When I got to the hacienda, the Sleeptalker was sprawled on a bench behind my usual one which Rossini-2 had taken. Mondo was sitting outside smoking, so I joined him to drink the beer I'd been given. He declined the offer to share, said he'd had enough already, but the Sleeptalker soon got up and joined in, as did Rossini-2 who went into high jabber about Seventh Circle. He has a Level 40-something character but like the lads seems to have gotten there without really learning much about the geography or finer details of that alternate reality and has been stuck for a long time trying to continue his climb. I thought again my label of "Rossini" was most apt. Boring recitative.

Whether also bored or for some other reason, Mondo suddenly got up and moved to a bench further away without saying a word. Not just like cats, these lads, but slightly weird, very moody and unpredictable cats. The others ignored him so I followed their lead and Mondo soon went in to sleep on an inside bench. The Sleeptalker and Rossini-2 then decided to "go walking" and I moved to an inside bench as distant from them all as possible and went to sleep. If it weren't for the advantage of the morning beergarden hunts, I think I'd spend more time sleeping elsewhere.

On the other hand, life at the hacienda has its little rewards aside from proximity to the beergardens. In Seventh Circle, when resting you see "Reting is sprawled on the ground", a phrase which came to mind on Sunday morning when I woke and looked over at the Sleeptalker. Sprawled, indeed, in his white Levi's with that forbidden fruit in ready mode. Cue up the jukebox, you can look but you cannot touch. And look, too, only in those wee hours, the only time he's certain to really be asleep.

The beergarden angel was so miserly all week and even the usual post-Saturday-night harvest was meagre, but a pint's worth of Mickey's Ice was a nice touch, as was the juicy orange found just after arriving on campus.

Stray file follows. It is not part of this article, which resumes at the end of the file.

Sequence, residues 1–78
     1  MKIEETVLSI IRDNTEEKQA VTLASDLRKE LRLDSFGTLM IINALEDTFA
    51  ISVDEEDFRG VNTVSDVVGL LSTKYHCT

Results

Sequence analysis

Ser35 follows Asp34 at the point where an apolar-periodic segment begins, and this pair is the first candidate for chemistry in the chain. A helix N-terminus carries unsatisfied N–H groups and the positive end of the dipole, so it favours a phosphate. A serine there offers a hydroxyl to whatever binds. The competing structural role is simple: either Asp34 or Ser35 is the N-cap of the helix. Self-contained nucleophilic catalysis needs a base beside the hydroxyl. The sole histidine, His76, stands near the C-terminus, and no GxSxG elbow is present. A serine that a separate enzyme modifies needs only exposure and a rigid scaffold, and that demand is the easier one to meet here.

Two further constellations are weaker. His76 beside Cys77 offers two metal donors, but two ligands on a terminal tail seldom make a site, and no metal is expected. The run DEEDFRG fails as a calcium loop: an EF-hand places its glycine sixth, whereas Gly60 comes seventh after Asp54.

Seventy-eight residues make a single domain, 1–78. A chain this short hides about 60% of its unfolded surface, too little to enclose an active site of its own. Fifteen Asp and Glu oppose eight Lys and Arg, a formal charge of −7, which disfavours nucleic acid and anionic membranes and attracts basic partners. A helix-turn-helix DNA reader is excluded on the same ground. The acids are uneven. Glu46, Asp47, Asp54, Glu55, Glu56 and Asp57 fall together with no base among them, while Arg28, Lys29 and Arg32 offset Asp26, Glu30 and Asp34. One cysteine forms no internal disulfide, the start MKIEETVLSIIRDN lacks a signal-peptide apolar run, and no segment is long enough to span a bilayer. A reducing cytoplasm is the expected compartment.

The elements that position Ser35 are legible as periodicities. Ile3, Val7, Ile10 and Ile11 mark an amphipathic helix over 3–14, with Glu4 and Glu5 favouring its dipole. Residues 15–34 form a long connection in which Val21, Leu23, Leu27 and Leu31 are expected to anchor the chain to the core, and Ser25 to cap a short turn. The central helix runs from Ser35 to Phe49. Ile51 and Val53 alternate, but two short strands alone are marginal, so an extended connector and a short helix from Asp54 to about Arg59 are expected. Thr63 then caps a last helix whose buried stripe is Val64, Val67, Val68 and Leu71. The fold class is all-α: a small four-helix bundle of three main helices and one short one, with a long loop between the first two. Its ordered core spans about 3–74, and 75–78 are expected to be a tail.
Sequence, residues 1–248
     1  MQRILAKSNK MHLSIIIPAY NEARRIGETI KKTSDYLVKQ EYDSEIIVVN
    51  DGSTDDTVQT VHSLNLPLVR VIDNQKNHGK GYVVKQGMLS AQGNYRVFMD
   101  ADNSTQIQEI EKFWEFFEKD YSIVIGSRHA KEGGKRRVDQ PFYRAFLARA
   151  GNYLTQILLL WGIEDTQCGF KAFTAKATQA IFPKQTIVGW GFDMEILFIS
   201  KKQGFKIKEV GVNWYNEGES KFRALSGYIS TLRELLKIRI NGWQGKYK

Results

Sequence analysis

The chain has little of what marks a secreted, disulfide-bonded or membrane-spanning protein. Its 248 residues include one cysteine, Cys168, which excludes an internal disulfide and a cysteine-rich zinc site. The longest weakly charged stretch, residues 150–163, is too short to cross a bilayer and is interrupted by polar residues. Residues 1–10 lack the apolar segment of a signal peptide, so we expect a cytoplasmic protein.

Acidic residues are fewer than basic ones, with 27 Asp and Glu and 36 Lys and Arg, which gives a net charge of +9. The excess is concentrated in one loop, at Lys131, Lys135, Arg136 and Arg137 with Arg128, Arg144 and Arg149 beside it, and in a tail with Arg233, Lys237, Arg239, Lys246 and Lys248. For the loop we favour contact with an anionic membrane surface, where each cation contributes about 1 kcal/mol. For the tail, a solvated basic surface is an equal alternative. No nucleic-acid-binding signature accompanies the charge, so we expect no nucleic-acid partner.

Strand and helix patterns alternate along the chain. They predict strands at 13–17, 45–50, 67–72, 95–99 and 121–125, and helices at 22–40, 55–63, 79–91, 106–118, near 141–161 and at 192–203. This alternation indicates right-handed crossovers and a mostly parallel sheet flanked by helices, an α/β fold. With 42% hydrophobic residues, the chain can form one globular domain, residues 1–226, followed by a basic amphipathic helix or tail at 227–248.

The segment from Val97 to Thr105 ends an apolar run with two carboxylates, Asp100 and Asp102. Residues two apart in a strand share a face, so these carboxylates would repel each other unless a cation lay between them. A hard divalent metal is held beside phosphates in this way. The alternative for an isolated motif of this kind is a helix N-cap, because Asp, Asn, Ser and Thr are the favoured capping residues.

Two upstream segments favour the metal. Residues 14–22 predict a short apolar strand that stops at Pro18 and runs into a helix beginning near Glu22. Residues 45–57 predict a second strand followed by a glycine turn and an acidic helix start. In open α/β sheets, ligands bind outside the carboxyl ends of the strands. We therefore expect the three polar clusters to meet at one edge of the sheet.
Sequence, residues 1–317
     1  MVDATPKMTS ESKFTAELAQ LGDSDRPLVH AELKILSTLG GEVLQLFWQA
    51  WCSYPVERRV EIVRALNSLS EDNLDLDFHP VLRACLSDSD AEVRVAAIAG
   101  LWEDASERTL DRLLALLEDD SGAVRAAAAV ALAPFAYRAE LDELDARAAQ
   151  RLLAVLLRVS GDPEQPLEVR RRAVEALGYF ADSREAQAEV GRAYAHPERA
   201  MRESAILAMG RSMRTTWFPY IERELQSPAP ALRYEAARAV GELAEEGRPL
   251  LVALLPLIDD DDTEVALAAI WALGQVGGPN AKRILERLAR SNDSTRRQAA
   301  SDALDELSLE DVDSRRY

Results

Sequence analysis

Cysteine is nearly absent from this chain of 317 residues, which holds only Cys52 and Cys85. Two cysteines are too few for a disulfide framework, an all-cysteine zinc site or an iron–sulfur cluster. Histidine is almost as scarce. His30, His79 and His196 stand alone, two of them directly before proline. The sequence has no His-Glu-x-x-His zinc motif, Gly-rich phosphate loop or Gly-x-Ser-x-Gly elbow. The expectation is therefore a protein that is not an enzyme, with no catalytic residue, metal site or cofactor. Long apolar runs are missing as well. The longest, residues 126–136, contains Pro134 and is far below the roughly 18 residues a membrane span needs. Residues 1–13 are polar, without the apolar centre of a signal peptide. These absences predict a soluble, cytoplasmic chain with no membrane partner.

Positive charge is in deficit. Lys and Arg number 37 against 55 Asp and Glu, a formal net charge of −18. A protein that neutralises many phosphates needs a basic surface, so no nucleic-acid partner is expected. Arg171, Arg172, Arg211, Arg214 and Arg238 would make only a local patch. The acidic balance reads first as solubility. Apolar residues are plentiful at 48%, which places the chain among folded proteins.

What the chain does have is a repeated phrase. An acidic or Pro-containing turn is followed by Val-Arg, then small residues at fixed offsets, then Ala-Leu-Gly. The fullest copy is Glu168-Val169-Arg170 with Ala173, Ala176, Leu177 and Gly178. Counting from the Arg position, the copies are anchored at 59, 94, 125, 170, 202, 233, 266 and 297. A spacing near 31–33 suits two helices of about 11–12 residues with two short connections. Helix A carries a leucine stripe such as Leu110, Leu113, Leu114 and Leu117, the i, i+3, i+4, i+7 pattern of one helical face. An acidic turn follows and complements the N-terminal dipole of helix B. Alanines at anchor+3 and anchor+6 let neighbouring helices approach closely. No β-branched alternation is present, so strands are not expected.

Before going there, though, I decided it was time for a change in routine so after enjoying my coffee refill in the park while working on my map collection, I went to Waikiki. A walk through the Royal Hawaiian Shopping Center provided two boxes of shorts. Waiting for the bus to campus, a trio of really down-and-out nomads amused me and the tourists with their efforts to get a free bus ride. Driver after driver refused their request for freebie transfers. I had to agree with my fellow nomads, it did seem a bit nasty to stick so firmly to the "rules". They tried to get the money for fare out of a group of German tourists who took the clever route of pretending not to speak English, then finally got lucky with a bus driver who let them on his bus, never mind a transfer. I hope Dame Fortune rewards him for his kindness, and that the wives of all the drivers who refused have "headaches" at bedtime.


red shoes, yellow socks, navy blue shorts
wannabe punk girlfriend at his side
fall in love too easily, fall in love too fast
in the secluded grove of manoa

sunshine like a fireplace beaming on my arms
through that gap in the foliage
footwarmer, too, that blazing sky ball
is it winter yet? hurry up, please, it's time

thomas stearne and hermann
poor hermann, insulted by a cherub
drunken, snivelling, grasping for effect
and a bully dove chases off his rivals

soft plush flesh waiting for caresses
feel this, he said, and it was felt
the other firmness stays forbidden
sacred snake in the bush of eden
young men, young men, why do you taunt me
have you no mercy, no pity for the ancients
hurry up please, it's time, as the man said
a time to live, a time to love, a time to die

the place of frozen rivers, fallen leaves, bully doves
the morning sunshine of november tanning
as the dove walks brushing my foot with softness
smile into the velvet of that flesh

naheen! wacht auf! kapu!
languages of a thousand dreams